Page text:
Letters to the Editor

‘Nova crew team deserving of better facilities

To the editors:

As a former collegiate rower, I know that there are few feelings better than hitting a flat stretch of water and having a good row. A bad grade on a test or a cold day won’t ruin that feeling, but I imagine the atrocious conditions at Villanova’s boathouse have alone ruined plenty of days for women’s crew.

I rowed for Emory University, and I saw Villanova’s success firsthand. Before reading last week’s article, I imagined that Villanova had a pristine boathouse, similar to boathouses I’ve seen at Georgetown, Radcliffe and Princeton. However, this is not so. There’s no doubt the University would not allow such an unsanitary eyesore on campus. However, it’s apparent the University has taken an out of sight, out of mind approach.

Of course, one could say the women’s crew team could drive its boats to the river every day or row out of a club on Boathouse Row. However, these solutions are impractical and dodge the larger issue. The University must treat some of its most accomplished athletes better than it does. The solution is for the University to formulate an immediate plan to fix the most glaring problems of the current boathouse and a definite timetable, not just plans and promises, for building a new boathouse.

Joe DohertyFirst-year Law Student

Focus on overall off-campus living, not just the Courts

To the editors:

I found last week’s article, “Judgments impose order in the Courts” by Kathleen Noone to be interesting, but I couldn’t help but wonder if there is another issue looming here, perhaps more important than keg parties and under-aged drinking at the Courts. The article stated that, “students have been illegally trying to find ways to fit more than the maximum allowed numbers into the apartments,” and that this issue is one in which Dean Paul Pugh has taken up with the general manager of Marks & Co., the owners of the Bryn Mawr Court.

Unfortunately, this issue is one that not only plagues residents of the Courts, but most off-campus Villanova students. Almost every Villanova student who has tried to look for off-campus housing has heard of the infamous law that prohibits more than two unrelated women from living together, with the logic that a house of women somehow constitutes a brothel.

Though this law may seem like another ridiculous Pennsylvania State law (much like not being able to purchase beer or alcohol in a grocery store) it creates a huge problem for students who must leave campus after junior year to find a house or apartment. Students are either forced to live in apartments far away from campus, or to have two people sign a lease in a house made for four or five, and simply pray that they don’t get evicted.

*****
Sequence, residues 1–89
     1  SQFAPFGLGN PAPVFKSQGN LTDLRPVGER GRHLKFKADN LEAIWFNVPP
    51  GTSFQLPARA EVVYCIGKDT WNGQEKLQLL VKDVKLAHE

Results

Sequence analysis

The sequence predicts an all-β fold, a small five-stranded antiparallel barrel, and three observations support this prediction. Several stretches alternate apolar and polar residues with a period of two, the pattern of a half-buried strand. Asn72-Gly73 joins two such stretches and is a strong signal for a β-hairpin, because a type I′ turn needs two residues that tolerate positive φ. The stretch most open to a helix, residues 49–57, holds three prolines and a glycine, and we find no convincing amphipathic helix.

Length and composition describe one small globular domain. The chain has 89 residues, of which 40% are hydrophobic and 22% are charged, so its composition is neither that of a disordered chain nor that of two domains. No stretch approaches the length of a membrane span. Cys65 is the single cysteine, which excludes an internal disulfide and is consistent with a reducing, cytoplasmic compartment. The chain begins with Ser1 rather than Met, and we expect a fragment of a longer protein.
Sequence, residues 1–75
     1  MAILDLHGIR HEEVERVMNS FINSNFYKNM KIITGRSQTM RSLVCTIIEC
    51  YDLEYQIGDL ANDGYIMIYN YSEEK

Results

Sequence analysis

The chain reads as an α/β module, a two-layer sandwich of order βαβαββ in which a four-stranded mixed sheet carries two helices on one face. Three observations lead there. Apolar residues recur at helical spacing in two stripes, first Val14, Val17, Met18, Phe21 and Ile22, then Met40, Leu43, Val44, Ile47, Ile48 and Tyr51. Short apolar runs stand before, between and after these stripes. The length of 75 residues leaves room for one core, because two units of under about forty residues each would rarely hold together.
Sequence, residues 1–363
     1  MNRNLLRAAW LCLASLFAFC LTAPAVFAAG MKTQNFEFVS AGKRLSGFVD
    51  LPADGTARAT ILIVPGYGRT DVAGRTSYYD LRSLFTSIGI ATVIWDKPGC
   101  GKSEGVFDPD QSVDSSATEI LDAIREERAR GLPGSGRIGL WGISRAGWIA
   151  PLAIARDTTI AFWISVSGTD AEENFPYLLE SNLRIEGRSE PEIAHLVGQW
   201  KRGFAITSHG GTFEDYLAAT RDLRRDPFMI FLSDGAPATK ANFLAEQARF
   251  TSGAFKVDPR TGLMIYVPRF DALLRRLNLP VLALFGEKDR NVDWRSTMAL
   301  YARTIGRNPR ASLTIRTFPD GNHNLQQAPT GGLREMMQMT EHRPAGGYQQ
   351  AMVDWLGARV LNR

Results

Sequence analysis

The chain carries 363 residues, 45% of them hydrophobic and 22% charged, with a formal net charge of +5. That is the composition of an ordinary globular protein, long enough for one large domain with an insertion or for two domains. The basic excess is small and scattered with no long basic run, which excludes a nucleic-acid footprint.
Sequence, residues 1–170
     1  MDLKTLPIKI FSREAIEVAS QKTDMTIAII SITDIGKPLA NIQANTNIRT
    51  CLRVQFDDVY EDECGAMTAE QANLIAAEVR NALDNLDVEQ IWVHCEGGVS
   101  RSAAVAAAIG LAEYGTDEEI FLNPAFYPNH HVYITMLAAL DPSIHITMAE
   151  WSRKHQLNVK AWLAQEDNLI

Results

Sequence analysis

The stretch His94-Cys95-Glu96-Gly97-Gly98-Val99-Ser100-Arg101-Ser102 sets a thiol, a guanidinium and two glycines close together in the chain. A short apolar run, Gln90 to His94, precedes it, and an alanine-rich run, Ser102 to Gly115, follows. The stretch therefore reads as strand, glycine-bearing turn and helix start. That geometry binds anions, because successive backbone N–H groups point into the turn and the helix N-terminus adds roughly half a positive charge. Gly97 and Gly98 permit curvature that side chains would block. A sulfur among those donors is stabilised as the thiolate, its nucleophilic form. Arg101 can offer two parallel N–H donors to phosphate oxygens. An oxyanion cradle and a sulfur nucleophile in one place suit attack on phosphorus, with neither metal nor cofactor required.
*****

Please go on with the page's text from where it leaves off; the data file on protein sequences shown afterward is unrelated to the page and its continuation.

Rather than focusing attention simply on the Courts, why not speak with the township to see about having this law changed? While we shouldn’t ignore the dangers of underaged students partying off-campus, I think it is more important for the university to show concern with the many students living off-campus who are signed to illegal leases.

Tara HumannClass of 2003

Threats should create awareness at University

To the editors:

“Faggot we are going to beat you until you are six feet under!”

How would you respond if you or your friend was threatened in this way?

On the way home from a University sponsored event, a friend of mine was verbally harassed and his life was threatened simply because he is gay.

While riding in a bus full of his peers, my friend was bombarded with homophobic slanders, which quickly escalated into full-fledged threats. Though only a handful of individuals directly participated in the persecution, the incident was terrifying enough that my friend had to call 911 for assistance and an escort home. The police were not waiting for him as the bus pulled into main lot, forcing my friend to walk from the parking lot to his dorm on main campus as the threats persisted.

Every Villanova student and faculty member should be aware of this incident.

We each must do our part in ending hate crimes and everyday discriminations on and off our campus. Did you know that one out of every 10 people is gay? This includes your professors, teammates, fraternity brothers, sorority sisters, classmates, friends, and family members.

I urge people to respond to this letter with future letters to the editor. If you would like to respond anonymously, you can email BGLOV at [email protected]

Nicole SiellerClass of 2004